Out-Law News | 22 Sep 2014 | 2:49 pm | 1 min. read
The statement means that the UK is the first of the 34 countries that are members of the Organisation for Economic Cooperation and Development (OECD) to formally commit to implementing the body's new country-by-country reporting framework. This was one of a number of proposals issued by the OECD last week as part of its project to create a single set of international tax rules and prevent multinationals from artificially shifting profits to low-tax jurisdictions.
Tax expert Heather Self of Pinsent Masons, the law firm behind Out-Law.com, said that the UK was "keen to drive ahead" on measures to tackle international tax avoidance, and so had given early confirmation of its intentions.
"The detailed filing requirements are still to be settled but businesses will be concerned to ensure that the compliance burdens are proportionate," she said.
The OECD set out its first series of recommendations on base erosion and profit shifting (BEPS) in seven detailed reports last week. The project was commissioned by the leaders of the largest global economies during the UK's presidency of the G8 last year. Among the OECD's recommendations are proposals to neutralise so-called hybrid mismatch arrangements, prevent the abuse of tax treaties and ensure that transfer pricing rules do not allow companies to avoid being taxed in the jurisdictions where they make their profits.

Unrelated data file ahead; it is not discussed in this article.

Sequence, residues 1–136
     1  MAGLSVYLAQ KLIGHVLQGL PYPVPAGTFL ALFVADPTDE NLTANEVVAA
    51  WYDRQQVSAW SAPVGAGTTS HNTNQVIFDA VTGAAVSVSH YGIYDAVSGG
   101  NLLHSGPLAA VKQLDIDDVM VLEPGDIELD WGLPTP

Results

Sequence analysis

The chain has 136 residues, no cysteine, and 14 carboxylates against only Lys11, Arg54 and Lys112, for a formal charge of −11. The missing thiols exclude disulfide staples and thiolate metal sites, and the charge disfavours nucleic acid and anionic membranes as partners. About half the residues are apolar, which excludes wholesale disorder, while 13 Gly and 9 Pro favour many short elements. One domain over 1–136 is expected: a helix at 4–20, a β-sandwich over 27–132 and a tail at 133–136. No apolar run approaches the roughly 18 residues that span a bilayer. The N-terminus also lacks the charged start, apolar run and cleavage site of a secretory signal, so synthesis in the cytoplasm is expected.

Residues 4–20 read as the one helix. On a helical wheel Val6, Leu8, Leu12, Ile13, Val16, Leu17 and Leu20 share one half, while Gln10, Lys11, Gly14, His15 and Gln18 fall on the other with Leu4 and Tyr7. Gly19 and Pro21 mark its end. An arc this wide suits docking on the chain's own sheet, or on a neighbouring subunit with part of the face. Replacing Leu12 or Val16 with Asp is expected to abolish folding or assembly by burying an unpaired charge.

Requiring companies to report on profits earned and taxes paid on a country-by-country basis will help tax authorities to gather information on their global activities, profits and taxes, according to the OECD. The idea is that this will help them to better assess where risks lie and where their efforts to discourage tax avoidance should be focused.
EU-wide country-by-country reporting requirements for oil, gas and mining companies will come into force for UK-registered companies on 1 January 2015, six months before the EU's Accounting and Transparency Directives formally come into force, the UK government announced last month. There new rules will require large extractive and logging companies to report the payments that they make to governments, including taxes, on a country-by-country basis or on a project basis where payments have been attributed to specific projects.
"The UK has been at the forefront of tackling international tax avoidance," said David Gauke, financial secretary to the UK Treasury. "We believe that country-by-country reporting will improve transparency and help identify risks for tax avoidance - that's why we're formally committing to it."
"Reporting high level information using a standardised format across all jurisdictions will ensure consistency, give tax authorities the information they need and minimise the additional administration burden on business," he said.
Editor's note 01/10/2014: this article previously put the number of countries in the OECD at 44. We have corrected this to 34 and apologise for the error.